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Element is Empty

Tuesday, April 26, 2022

This week I'd like to talk about a couple of different accessibility violations that you may see on your Siteimprove report (or just about any other accessibility tool, as this is very easy to determine programmatically). While there are several ways it may be reported, they all essentially say that the "XX element is empty." This could be headings, sections, containers, or other elements, but in the end, they all roughly mean the same thingan HTML element that has meaning, but does not have any content within it might be detected by assistive technology.

First, a little bit of background about semantics

Almost all elements in HTML, just by their very inclusion on the page, tell the web browser that they are meaningful. There are two common elements that don't: <div> and <span>. These two elements don't carry any meaning and can be left empty without issue or concern.

All other elements, there are about 140 of them, depending on who you ask, require content within them. Their very presence on the page conveys to the browser that it exists for a reason and, therefore, should have content. For example, an element says that this is a paragraph of content, while an element says that this is a heading of the top level. This can look very different depending on your code, but the most common variation of this violation is simply to have an empty element like these examples:


Most accessibility tools will not flag the <p> being empty as most users of assistive technology will ignore this (technically, it also shouldn't be empty). However, this is quite an issue for headings and other elements because one of the primary ways a user can navigate the page is by jumping directly to headings. So, in the case of that first empty heading above, the user is informed there is a heading, can navigate directly to it, but is then given no information about where they are on the page.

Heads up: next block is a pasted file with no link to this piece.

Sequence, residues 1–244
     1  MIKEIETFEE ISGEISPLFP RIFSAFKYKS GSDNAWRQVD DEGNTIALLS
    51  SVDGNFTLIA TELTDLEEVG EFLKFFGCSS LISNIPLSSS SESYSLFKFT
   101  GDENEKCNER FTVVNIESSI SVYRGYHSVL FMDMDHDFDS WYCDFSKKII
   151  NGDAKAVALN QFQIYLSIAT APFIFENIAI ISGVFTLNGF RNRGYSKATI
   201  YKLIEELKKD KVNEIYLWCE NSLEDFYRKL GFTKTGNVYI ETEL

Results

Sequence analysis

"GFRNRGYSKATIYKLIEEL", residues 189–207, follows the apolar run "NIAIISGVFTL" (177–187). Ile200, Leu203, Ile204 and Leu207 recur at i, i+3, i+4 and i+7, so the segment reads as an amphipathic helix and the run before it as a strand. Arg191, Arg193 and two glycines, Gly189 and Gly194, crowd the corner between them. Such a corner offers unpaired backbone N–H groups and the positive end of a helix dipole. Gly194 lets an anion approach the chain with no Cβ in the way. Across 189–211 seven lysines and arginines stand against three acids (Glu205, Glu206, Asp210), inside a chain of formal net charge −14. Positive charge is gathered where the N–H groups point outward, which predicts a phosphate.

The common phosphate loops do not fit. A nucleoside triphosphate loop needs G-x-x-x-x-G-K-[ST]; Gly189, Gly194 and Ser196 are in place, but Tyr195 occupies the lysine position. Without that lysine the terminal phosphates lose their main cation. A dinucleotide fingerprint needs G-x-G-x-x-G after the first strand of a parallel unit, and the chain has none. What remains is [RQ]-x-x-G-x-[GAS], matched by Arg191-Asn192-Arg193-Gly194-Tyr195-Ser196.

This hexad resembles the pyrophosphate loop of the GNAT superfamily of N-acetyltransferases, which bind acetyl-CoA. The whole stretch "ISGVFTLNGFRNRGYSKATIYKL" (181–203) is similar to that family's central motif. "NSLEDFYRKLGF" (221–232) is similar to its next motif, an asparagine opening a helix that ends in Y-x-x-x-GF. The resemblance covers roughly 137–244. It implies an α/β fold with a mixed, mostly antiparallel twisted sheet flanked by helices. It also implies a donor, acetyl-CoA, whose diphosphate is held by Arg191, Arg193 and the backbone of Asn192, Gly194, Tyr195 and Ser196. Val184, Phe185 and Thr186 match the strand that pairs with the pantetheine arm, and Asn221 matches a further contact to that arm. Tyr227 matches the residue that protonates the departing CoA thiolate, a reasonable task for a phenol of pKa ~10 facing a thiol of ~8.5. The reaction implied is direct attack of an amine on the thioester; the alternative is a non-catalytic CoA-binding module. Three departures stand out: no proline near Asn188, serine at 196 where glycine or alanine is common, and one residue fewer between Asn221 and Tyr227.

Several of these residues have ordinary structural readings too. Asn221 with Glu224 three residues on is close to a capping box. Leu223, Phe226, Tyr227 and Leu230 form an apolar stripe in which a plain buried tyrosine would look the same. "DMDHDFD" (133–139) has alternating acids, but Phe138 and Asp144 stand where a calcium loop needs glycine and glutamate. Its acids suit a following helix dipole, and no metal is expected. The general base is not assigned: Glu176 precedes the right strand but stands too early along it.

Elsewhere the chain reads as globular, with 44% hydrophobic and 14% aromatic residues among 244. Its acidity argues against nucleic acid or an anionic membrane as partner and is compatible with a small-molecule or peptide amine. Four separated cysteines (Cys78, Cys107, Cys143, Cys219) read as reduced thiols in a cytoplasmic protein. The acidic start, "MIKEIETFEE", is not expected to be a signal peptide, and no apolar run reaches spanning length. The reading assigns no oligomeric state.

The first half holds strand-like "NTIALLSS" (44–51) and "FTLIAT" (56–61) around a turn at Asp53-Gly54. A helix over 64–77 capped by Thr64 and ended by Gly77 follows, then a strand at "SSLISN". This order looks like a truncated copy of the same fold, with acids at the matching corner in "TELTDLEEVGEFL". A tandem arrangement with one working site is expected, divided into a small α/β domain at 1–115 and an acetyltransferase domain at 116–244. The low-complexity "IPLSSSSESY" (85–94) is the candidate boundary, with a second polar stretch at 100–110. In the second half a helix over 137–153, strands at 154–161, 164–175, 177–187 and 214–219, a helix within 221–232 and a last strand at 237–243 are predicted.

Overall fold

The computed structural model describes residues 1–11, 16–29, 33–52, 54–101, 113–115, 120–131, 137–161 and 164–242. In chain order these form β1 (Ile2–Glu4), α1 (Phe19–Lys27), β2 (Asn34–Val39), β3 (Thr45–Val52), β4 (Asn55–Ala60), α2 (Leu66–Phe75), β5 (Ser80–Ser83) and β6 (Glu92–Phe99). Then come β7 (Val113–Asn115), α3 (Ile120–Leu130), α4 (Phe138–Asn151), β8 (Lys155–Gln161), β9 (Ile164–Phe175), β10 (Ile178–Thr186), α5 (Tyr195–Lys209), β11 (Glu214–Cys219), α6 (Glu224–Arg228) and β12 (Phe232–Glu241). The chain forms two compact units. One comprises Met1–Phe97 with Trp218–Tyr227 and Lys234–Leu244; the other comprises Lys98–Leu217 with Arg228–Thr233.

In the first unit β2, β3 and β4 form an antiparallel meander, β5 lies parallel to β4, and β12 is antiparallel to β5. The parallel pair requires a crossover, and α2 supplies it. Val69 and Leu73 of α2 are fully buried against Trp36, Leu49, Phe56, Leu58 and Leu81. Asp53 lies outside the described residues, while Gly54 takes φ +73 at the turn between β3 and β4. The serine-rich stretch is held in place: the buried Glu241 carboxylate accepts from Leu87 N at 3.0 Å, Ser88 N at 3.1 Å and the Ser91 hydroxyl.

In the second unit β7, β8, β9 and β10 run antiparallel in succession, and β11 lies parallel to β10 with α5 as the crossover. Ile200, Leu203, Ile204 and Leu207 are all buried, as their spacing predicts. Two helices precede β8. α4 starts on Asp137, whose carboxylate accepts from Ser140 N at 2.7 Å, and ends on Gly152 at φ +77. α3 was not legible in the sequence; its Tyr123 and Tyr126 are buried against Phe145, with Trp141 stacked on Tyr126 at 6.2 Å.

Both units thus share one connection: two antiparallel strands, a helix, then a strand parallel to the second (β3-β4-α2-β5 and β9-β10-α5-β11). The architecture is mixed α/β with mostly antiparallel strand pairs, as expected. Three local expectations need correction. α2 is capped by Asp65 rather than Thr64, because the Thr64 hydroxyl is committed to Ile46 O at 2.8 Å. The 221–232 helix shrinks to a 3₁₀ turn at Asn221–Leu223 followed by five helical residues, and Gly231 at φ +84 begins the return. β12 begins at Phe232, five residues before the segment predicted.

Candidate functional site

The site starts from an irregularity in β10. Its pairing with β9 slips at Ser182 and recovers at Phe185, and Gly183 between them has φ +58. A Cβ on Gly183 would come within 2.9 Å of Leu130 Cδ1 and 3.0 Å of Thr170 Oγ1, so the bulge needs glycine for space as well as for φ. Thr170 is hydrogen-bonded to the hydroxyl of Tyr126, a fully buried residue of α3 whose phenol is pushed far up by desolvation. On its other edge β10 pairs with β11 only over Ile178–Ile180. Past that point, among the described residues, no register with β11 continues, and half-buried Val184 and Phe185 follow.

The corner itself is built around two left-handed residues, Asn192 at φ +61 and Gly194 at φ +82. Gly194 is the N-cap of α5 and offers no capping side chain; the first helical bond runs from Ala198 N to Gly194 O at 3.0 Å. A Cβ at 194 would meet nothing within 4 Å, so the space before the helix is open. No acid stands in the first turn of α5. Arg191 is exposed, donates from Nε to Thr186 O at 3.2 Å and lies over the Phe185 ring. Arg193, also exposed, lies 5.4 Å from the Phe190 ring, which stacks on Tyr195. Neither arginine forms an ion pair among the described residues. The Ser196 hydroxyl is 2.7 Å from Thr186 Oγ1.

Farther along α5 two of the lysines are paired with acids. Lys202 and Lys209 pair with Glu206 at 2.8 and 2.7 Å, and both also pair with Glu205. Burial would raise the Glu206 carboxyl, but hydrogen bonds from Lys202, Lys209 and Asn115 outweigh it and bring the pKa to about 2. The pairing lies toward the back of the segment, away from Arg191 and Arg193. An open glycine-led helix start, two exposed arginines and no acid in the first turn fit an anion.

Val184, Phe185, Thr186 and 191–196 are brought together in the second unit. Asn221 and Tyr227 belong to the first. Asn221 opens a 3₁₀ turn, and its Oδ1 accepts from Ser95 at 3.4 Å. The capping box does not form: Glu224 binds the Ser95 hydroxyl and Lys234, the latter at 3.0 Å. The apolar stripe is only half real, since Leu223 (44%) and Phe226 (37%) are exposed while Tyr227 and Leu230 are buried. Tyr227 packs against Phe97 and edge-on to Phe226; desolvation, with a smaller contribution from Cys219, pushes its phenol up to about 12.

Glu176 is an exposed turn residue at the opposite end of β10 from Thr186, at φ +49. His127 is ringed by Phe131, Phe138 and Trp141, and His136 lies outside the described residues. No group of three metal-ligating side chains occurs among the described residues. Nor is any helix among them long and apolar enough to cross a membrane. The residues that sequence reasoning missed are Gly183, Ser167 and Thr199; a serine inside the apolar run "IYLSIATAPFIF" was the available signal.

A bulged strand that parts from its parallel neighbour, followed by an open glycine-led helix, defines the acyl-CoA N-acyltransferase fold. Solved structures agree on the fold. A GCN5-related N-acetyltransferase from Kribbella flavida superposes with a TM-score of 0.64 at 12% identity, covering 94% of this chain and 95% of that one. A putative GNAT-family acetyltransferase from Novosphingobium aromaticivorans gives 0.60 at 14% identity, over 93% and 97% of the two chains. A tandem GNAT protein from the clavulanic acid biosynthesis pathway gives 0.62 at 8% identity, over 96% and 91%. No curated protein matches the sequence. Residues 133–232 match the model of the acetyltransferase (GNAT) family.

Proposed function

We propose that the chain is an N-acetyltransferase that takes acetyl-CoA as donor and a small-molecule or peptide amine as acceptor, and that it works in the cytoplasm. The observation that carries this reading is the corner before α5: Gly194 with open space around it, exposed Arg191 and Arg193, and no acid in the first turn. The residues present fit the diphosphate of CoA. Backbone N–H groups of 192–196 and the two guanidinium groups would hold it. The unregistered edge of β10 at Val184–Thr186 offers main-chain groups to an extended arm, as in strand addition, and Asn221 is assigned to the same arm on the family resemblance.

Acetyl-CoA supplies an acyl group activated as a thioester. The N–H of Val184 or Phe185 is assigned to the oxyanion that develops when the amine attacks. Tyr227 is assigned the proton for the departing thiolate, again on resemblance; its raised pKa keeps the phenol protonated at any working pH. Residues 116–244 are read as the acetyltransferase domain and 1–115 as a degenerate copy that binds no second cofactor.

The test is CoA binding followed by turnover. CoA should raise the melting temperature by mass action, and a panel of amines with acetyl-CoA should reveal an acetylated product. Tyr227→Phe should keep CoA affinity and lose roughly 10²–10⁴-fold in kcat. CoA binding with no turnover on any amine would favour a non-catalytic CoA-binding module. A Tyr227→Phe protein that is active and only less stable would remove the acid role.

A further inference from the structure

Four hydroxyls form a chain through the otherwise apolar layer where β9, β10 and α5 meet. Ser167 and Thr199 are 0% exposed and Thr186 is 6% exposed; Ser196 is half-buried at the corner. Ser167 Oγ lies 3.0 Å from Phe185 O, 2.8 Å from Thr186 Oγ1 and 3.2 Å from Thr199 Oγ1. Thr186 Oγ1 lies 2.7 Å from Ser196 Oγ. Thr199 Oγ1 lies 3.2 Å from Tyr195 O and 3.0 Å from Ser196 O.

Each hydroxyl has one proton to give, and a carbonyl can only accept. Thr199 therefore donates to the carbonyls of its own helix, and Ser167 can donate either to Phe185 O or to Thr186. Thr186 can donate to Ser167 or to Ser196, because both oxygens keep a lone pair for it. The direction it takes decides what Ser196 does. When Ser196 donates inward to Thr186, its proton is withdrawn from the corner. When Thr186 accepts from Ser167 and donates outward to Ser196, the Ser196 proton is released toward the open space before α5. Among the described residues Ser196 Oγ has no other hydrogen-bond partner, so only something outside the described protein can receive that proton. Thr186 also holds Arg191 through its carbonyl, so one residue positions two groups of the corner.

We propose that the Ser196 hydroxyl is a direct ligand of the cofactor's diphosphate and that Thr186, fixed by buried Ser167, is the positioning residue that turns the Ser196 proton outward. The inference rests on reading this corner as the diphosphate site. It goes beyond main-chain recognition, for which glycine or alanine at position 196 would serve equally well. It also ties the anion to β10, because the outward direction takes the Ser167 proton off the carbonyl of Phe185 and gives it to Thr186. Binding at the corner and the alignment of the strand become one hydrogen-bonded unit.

Generally, when you have something like the above, it's a simple solution to delete the offending element within your content management system. However, this issue can be a lot more complex. For example, take the following code:

<h3><img src="picture.png" alt=""></h3>

While it is possible to only have a picture within a heading tag (not always advisable, but permissible in some cases), and it is possible to mark an image decorative using null alt text, when you combine both it makes it so that there is no textual content within the heading. In contrast, this is perfectly acceptable:

Using ARIA role

Just to make things slightly more confusing, ARIA roles may come into play (if you ever edit the HTML). On the one hand, you can add a role to a <div> or <span> that gives the element meaning, such as this:

<div role="heading" aria-level="3"></div>

By adding the role to the <div> you have given meaning to an element that had no meaning. To assistive technology, this is identical to <h3></h3> and therefore must contain content.

This can cause issues in the other direction too. Adding a role of presentation or none to an item removes the semantic meaning of the element, turning a meaningful element into a non-meaningful one like a <div>. Take, for example, the following: